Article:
FIRST BISHOP OF BENIN DIOCESE
Sam U. Erivwo, Ph.D.
Reproduced in URHOBO WAADO by kind permission of Professor Sam U. Erivwo
Agori Iwe whose life and work we relate and evaluate
in this biography hailed from Okuama, a
For a long time the
parents had no male child; those born died, infant mortality rate, especially
of male children being very high in those days. In order to preserve the life
of her child, the mother, Emedaka, went to her home town, Alagbabri, an Ewu village opposite Bomadi along
Oguori had a sister born immediately after him by his mother; that sister was Edafigahware. His other relations were emese (half-brothers or sisters). They were Osiobe, his half brother, and three other half sisters Abinea, Umukoko______________.
The man know to history as Agori, was, as pointed out above, named and called Oguori by his parents. When he went to School, and was asked his name by his teacher who was not an Urhobo, the teacher wrote Agoir for Oguori in the class register. Consequently the child called Oguori by his parents became known as Agoir to the world.
Although dates of birth were not formally registered in his village at the time, the year of the birth, as given to the present writer by Agori himself, and confirmed by his age groups – Veneralbe B.P. Apena and David Egbebruke – was 1906. This date is very significant, especially because of the striking similarity between the life of Agori and that of an earlier African Bishop, Ajoayi Crowther. Accordingly, I had written the following in respect of the two prelates in an earlier paper:
“Ajayi Crowther, a Yoruba, was born in about 1806. He was captured a slave boy and later liberated in Sierra Leone, where he was educated and subsequently ordained in 1843 a Clergyman of the Anglican Church of which he became the first African Bishop when he was consecrated on St. Peter’s day, 1864.
Agori Iwe, on
the other hand, is an Urhobo. He usually put his year of birth in about
1906. Educated at Warri, at St. Andrew’s College Oyo, and at
(See S.U. Erivwo, “Prelates and the Problems of Church Leadership: The Examples of Ajayi Crowther and Agori Iwe” in Neue Zeitschrift fur Missionswissenschaft, 37-1981/4, p. 241.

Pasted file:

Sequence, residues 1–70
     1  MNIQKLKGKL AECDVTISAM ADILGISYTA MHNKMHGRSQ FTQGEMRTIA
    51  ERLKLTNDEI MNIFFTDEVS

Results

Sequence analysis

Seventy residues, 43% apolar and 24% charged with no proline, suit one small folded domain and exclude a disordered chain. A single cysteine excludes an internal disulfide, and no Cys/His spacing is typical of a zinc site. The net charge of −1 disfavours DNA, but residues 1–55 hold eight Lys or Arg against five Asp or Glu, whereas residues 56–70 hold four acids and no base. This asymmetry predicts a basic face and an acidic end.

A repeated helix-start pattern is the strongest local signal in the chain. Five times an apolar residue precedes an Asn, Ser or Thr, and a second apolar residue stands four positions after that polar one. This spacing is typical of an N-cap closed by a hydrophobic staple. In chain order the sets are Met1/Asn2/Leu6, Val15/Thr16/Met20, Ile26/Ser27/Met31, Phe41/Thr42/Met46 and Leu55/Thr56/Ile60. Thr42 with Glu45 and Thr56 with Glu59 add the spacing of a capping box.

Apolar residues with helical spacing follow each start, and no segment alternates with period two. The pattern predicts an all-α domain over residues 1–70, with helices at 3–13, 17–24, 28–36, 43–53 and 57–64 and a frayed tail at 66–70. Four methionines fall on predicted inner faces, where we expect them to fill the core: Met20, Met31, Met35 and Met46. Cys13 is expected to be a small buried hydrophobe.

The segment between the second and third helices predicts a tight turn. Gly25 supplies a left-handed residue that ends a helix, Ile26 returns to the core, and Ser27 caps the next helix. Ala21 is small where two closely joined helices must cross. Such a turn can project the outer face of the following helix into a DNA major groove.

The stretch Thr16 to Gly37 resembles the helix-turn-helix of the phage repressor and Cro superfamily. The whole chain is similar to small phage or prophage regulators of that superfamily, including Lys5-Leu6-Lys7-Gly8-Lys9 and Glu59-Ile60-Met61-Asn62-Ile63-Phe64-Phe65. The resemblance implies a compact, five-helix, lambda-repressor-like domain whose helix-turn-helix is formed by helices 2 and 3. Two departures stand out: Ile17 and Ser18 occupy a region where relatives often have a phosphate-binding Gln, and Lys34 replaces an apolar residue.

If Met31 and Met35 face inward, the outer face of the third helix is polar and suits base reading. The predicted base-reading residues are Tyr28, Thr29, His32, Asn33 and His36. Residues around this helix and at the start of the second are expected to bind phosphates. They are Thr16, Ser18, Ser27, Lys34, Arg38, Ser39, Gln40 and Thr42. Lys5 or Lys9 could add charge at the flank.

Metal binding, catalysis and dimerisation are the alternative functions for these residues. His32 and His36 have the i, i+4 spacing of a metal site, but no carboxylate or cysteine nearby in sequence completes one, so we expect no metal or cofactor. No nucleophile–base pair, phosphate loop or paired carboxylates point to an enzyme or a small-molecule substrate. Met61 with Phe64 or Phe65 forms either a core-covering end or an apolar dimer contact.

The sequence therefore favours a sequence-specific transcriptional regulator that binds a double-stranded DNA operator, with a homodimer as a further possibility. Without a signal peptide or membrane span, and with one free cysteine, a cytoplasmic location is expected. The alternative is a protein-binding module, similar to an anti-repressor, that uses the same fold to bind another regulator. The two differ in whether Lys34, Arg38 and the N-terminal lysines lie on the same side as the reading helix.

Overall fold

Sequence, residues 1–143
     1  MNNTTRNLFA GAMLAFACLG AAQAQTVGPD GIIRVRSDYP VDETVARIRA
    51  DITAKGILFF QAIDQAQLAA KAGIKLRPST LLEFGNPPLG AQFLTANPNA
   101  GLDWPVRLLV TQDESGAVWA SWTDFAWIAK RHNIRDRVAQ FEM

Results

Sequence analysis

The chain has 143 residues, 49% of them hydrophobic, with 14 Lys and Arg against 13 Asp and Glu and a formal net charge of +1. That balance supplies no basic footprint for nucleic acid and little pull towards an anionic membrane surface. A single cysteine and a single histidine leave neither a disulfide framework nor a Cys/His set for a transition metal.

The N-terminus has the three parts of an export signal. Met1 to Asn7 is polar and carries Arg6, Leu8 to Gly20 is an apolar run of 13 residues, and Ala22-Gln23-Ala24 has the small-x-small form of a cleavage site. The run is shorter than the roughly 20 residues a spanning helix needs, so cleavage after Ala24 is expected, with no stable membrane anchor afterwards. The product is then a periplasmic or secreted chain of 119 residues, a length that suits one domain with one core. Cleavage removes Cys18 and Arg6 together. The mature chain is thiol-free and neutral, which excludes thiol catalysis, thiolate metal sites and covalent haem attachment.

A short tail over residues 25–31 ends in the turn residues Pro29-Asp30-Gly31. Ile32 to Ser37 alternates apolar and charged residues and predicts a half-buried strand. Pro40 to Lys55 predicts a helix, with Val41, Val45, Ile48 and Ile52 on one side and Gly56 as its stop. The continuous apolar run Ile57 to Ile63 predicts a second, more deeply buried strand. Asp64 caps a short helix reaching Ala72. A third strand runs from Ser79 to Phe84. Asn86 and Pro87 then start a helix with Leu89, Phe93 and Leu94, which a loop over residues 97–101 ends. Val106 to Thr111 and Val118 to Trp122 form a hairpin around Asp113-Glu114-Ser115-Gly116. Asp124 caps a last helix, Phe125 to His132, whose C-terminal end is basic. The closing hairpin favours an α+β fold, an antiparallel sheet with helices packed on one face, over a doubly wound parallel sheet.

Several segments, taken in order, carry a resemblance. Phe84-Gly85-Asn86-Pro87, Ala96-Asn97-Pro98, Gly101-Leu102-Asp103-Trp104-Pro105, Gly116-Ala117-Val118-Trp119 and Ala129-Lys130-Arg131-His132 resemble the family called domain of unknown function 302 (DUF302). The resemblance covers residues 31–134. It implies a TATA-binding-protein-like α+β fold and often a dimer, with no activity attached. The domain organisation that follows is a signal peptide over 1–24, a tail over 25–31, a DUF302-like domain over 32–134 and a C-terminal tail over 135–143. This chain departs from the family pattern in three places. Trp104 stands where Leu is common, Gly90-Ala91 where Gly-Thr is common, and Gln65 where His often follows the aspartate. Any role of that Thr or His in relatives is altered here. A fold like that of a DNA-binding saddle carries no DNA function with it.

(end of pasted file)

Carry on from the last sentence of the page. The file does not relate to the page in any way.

The years of their birth 1806 and 1906 respectively, and the days of their consecrations, St. Peter’s Day and St. Andrew’s Day could not have been by mere coincidences, especially when one studies and compares their episcopates, and realizes that Peter and Andrew were brothers. At any rate, the present work is not a comparative study of the life of Ajayi Crowther and that of Agoiri Iwe. That exercise I had done in the work referred to earlier on. But it is significant that Agori Iwe was born in 1906, a century after the birth of Ajayi Crowther. For those who already know the biography of Ajayi Crowther, it is important that in studying the life of Agori Iwe they also bear this fact in mind.
Agori’s parents were peasant farmers, and adherents of Urhobo traditional religion. Indeed, Agori’s mother, who lived to extreme old age refused for a long time to be converted to Christianity. It was often said that Agoir made it clear to her that if the mother refused to accept Christianity, he would have nothing to do with her funeral.
There is a sharp contrast here between Ajayi Crowther’s
mother and Agori Iwe’s mother. The C.M.S. party of 1846 to Beokuta, whose
members included Townsend, Gollmar, Samuel Ajayi Crowther and their helpers,
met Crowther’s mother who in the joy of a happy reunion with her soon, easily
accepted Christianity. The woman and her daughter were baptised on
Unlike Ajayi Crowther’s mother, the mother of Agori Iwe resisted Christianity for a very long time. She probably felt that she had been too long an adherent of Urhobo traditional religion to change her religion and learn new habits. Not even the threats by her son, that he would have nothing to do with her funeral, it she died, an unbeliever, moved her. Only Evangelist Adam Igbudu’s intervention succeeded in effecting Emedaka’s conversion to Christianity on the eleventh hour.